Grimsbury is a ‘multiple
enclosure’ hillfort occupied at least between the third and second
centuries bc. Its ramparts follow the contours of the hill on which it
stands in order to create its triangular shape. There are three entrances
leading into an area covering some eight acres. The main western opening is
incurved, with a 394 foot long outer defensive work curving to the north.
The other simpler entrances are on the northern and south-west sides. The
latter probably led to the fort’s water supply at some local springs.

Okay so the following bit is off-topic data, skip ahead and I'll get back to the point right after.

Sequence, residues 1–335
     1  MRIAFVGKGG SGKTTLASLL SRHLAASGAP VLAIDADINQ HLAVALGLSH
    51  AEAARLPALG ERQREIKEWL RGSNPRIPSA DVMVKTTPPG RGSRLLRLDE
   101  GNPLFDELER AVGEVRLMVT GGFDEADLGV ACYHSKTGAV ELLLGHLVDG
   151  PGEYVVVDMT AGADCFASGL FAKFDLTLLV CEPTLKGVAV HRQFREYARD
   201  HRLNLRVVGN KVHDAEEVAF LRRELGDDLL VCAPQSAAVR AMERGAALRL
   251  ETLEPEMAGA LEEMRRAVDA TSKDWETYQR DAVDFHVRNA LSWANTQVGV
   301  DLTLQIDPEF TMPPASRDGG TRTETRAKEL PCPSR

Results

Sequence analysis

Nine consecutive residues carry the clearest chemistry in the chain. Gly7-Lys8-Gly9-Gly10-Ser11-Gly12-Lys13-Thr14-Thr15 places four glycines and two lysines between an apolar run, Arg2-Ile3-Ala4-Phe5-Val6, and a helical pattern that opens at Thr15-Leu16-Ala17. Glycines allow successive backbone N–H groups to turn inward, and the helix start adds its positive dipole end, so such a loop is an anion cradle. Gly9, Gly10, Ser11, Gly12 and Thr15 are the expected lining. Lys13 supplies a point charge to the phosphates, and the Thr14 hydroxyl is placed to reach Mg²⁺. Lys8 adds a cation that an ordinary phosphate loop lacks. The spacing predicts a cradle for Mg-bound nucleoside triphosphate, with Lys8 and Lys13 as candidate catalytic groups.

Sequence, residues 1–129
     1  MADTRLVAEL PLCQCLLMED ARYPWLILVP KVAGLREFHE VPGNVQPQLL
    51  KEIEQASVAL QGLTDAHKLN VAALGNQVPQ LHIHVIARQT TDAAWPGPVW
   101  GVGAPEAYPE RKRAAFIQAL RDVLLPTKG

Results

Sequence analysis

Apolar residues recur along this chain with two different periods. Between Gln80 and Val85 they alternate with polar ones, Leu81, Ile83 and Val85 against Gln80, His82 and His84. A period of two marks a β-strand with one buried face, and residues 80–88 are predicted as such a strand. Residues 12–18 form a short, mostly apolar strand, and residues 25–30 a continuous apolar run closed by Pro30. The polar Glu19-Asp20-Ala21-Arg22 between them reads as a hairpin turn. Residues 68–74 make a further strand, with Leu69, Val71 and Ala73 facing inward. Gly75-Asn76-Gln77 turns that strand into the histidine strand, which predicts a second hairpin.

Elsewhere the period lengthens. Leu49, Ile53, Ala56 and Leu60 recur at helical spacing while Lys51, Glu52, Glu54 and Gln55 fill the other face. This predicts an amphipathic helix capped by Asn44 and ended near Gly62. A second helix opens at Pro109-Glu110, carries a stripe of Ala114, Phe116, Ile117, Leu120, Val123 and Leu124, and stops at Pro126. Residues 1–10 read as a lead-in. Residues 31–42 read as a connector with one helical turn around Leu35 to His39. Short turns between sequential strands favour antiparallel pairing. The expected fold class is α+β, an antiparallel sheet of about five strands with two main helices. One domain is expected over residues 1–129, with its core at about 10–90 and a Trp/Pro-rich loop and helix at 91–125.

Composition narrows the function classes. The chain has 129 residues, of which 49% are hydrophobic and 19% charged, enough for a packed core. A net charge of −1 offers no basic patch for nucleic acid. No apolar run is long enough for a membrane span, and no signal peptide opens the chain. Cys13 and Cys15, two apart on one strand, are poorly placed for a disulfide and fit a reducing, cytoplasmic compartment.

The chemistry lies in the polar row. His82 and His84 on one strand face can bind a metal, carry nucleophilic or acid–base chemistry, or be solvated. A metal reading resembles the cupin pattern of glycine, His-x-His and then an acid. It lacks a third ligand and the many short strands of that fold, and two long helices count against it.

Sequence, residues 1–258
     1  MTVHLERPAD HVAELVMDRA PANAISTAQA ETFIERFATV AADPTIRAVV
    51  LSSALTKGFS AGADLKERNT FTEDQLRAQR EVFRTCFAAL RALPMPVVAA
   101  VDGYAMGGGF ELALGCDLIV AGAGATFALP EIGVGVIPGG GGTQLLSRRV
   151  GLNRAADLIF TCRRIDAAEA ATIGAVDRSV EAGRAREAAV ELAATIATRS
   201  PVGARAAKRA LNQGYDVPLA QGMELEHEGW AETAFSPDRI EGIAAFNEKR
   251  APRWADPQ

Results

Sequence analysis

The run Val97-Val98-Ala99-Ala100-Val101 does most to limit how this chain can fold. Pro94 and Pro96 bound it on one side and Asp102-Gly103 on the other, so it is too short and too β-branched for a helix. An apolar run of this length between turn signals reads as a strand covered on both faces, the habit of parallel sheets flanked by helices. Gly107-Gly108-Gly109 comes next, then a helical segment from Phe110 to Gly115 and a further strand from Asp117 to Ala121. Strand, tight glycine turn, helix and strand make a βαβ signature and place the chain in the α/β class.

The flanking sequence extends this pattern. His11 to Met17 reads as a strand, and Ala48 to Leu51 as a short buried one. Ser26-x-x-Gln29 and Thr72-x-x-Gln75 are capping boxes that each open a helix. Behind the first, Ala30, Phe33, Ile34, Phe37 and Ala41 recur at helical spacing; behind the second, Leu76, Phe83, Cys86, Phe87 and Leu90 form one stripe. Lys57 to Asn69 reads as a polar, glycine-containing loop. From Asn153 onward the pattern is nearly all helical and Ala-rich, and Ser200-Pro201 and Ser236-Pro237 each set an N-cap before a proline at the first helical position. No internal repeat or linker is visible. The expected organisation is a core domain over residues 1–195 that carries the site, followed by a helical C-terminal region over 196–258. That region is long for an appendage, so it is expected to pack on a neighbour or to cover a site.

There are also further curved ditch and rampart lines forming an enclosure
to the west of the main fort. The name shows that the later Saxon settlers
in the region found the earthworks so impressive that they thought they must
have been built by the chief of their gods, Woden alias Grim.
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